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Government Goes After Critic on Twitter, Remembers Constitution Just in Time

ALT Immigration Twitter
ALT Immigration Twitter
Vera Eidelman,
Staff Attorney,
ACLU Speech, Privacy, and Technology Project
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April 10, 2017

For a few weeks, the government seemed to forget that the Constitution protects the right to speak anonymously. Thankfully, the prospect of a legal challenge from Twitter and the ACLU appears to have jogged its memory.

On March 14, U.S. Customs and Border Protection sent Twitter a demand for information that could unmask the user behind the @ALT_uscis Twitter account, which is run by an anonymous speaker critical of the government’s immigration policies. Oddly, CBP issued the summons under the Tariff Act of 1930, a statute intended only for inquiries related to the trade of merchandise. The government’s demand seems to have been motivated by a desire to stifle the content of the tweets.

The First Amendment prohibits government attempts to unmask a speaker simply because it disagrees with him or her. Constitutional strike one.

And CBP sought not only identifying information about the user — including the account’s login information, phone number, mailing address, and IP address — but also “[a]ll information regarding” the account. Such a request, which could sweep in private direct messages and other sensitive information, violates not just the First but also the Fourth Amendment. Constitutional strike two.

Recognizing the demand for what it was — unlawful and illegitimate government overreach — Twitter filed a lawsuit last week asking the court to nullify the summons and declare it unconstitutional and unenforceable. We represented the user and intended to file in the case on the user’s behalf. But less than 24 hours after Twitter filed, CBP buckled and withdrew the summons. As a result, Twitter dismissed the suit and the @ALT_ uscis user is able to continue speaking, free from the specter of government interference.

The ability of @ALT_uscis to tweet anonymously is incredibly important, both to the user and to a free society. Anonymity plays a central — and constitutionally protected — role in the time-honored tradition of advocacy and dissent. Our founding fathers authored the Federalist Papers as “Publius” (and heard from “the Federal Farmer” in response). That means that the drafters of the Constitution themselves relied on pseudonyms to express views on the central political issues of their day. So it is no surprise that the Supreme Court has recognized time and again that the right to speak freely necessarily includes the right to speak anonymously, which empowers individuals who otherwise might not feel free to speak out against the majority to criticize the government or to mobilize for change.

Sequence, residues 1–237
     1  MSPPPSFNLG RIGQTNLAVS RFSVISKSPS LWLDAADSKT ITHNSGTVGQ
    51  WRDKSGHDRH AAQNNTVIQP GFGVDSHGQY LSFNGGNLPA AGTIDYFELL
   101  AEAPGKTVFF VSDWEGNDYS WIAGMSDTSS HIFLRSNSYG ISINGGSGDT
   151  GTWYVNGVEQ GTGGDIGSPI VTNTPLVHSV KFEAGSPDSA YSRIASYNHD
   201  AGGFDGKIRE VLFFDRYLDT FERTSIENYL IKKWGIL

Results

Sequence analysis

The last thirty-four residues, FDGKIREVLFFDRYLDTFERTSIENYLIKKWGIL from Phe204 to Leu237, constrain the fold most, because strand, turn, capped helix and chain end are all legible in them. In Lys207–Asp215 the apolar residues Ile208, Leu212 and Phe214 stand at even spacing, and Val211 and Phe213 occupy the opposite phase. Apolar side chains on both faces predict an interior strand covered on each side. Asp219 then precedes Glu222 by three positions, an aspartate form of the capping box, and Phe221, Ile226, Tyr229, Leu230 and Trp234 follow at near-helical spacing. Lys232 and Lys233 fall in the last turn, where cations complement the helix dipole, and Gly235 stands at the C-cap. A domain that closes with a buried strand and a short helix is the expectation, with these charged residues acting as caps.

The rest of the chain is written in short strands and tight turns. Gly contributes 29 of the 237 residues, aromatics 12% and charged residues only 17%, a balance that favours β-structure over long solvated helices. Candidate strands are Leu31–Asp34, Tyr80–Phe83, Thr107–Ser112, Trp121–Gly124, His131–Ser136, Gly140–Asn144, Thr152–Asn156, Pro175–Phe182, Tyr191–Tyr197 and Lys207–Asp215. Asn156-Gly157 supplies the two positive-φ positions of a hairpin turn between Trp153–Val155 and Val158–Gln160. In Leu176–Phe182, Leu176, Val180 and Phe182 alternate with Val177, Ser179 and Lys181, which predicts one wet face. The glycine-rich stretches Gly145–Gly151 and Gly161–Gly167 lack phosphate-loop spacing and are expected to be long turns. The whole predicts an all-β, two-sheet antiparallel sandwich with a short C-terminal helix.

This free speech right is as important today as ever. The @ALT_uscis user relies on the ability to speak anonymously when sharing public information with the account’s tens of thousands of followers, and when expressing views that are critical of the government. That user isn’t alone — in the aftermath of President Trump’s inauguration, many “alt” accounts criticizing various government agencies were created. The government can no more erase them from existence than it can do away with the First Amendment, and its attempt in this case probably didn’t go quite as planned: When word of the suit got out, the number of @ALT_ uscis’ Twitter followers jumped from 32,000 to 192,000 today. Censorship has a way of piquing the public’s interest.

Using a pseudonym enables the user behind @ALT_uscis to speak without fear of personal attacks and harassment, and without having to worry about being targeted for investigation based on the content of the tweets. Now out from under a government summons seeking to unmask the account, the user can fully enjoy that freedom again.

We are thankful that Twitter stood up for the rights of the user and took a strong position in defense of the First Amendment. And we appreciate that the government came to its senses this time. We are also ready to respond should it forget again.

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